Should I Repair or Replace My Roof?
Whether to repair or replace your roof is a very common question. The answer is “It Depends!” I really don’t like the fact that in the roofing industry, many roofing contractors are pro-replace, so they will always lean to replace. I like to think that it is a case by case basis. I have met customers that say they don’t want to repair, and I have met customers that say they don’t want to replace, right out of the gate. So I am stuck with the great responsibility of delivering the news of “You really should replace this roof!”, or better yet, “Let’s get a few questions answered, and then you (customer) can decide which way to go.” Most of the time, this question will come up when there is a problem with the roof currently. Problem like a roof leak, or selling the home and there are problems with the roof currently. There are many factors to consider and your situation is the most important factor.
The first questions to ask are “How old is my roof currently?” and “What is the life expectancy of my current roof?” Once these two questions are answered, then you can go a little deeper into really deciding which is best for you. Other questions you need to ask are:
- Are you selling soon, in the process of selling, buying, or staying in your home for a while? Do you know how long? Might consider new roof with a sale or purchase. A new roof usually helps a home sell quicker. Won’t necessarily add value, but that is another topic.
- Have you gotten any correspondence about your roof from your homeowners insurance company? Many insurance companies want you to replace your roof, no matter what, after 15 or 20 years. Sometimes you can extend them by having the roof inspected. Read this about Roof Inspections
- Are you constantly having roof leaks pop up? This is a good one to really look at, because sometimes getting a new roof is not the answer. I have seen many cases where the “roof leaks” were at places that will continue even if the roof gets replaced. Like stucco on walls cracking, windows leaking, design flaws, etc.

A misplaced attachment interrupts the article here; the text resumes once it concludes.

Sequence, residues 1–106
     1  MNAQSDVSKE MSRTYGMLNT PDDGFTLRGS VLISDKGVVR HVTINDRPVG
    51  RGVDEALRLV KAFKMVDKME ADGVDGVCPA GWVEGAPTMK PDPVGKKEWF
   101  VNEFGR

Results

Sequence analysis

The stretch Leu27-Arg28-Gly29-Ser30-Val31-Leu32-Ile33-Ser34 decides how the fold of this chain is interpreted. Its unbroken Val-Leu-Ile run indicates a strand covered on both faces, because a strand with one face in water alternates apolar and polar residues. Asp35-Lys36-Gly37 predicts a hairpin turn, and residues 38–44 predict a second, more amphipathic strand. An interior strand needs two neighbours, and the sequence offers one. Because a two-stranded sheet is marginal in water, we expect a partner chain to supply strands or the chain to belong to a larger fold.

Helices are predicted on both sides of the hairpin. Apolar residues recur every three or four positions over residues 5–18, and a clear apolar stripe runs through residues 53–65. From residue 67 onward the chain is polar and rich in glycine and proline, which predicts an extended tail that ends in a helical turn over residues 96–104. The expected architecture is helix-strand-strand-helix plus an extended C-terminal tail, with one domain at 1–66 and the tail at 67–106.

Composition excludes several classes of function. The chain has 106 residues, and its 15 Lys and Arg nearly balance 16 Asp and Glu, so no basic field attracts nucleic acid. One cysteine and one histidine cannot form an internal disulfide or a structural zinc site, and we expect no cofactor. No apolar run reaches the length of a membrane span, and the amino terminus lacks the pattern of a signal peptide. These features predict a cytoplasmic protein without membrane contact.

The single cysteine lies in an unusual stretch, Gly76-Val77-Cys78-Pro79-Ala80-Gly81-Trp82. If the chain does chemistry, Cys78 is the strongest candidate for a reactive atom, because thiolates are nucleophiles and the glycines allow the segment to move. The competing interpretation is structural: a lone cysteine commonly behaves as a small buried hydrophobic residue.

- Do you just not like the look of the roof? This one can’t be fixed, except by replacement. Maybe cleaning or tuning up, but this is strictly up to the owner of the home or building.
- Has there been significant damage from a storm or wind event? Even if the insurance company is involved, questions need to be answered. There may not be “enough” damage to warrant a new roof.
- How much does it cost (today) to replace the roof with a similar roof? Depending on the cost of repairs and cost of replacement, this could sway the decision.
- If there are repairs on the table, how much repair work is needed? Does the 25% rule kick in?
- How old is the roof and what is the life expectancy of the roof currently?
Once you have answered a few of these questions, then it’s time to figure out the way to go.
Shingle roof with a life expectancy of 25 years (realistic) and the roof is 21 years old. Now, that 25 year number is just a number. The roof could last 30+ years depending on many factors. Either way, this scenario is tipping the scales to replace. Especially, if you are faced with a roof leak or roof repair of some sort and are considering putting money out for the repair. Now it would be wise to get a price to reroof, then consider putting the money to repair into the new roof. If you then choose to repair, at least now you know the new roof is coming up in a few years. Again, the roof could last a few years longer than expected.